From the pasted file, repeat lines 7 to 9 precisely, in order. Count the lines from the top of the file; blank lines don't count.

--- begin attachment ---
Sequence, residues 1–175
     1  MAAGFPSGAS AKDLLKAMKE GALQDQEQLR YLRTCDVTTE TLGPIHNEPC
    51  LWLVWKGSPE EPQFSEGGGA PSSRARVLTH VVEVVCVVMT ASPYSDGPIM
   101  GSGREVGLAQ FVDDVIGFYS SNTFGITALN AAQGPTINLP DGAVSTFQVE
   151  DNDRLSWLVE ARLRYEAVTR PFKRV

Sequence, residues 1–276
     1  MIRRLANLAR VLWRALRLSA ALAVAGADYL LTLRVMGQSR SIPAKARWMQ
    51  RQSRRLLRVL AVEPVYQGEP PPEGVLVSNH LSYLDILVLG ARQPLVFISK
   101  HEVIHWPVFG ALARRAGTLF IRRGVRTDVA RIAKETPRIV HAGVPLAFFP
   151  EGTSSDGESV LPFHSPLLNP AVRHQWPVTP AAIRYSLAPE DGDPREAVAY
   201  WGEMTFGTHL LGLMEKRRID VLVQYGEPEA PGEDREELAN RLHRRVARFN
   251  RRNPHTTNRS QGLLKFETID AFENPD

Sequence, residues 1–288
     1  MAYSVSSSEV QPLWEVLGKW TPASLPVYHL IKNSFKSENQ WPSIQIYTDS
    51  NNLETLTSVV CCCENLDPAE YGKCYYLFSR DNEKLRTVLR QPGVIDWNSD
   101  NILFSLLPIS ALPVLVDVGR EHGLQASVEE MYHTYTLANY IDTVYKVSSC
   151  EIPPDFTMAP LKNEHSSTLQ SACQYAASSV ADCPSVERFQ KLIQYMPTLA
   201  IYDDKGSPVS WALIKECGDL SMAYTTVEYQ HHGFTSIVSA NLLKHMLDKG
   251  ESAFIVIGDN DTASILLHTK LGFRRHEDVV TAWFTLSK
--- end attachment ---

     1  MIRRLANLAR VLWRALRLSA ALAVAGADYL LTLRVMGQSR SIPAKARWMQ
    51  RQSRRLLRVL AVEPVYQGEP PPEGVLVSNH LSYLDILVLG ARQPLVFISK
   101  HEVIHWPVFG ALARRAGTLF IRRGVRTDVA RIAKETPRIV HAGVPLAFFP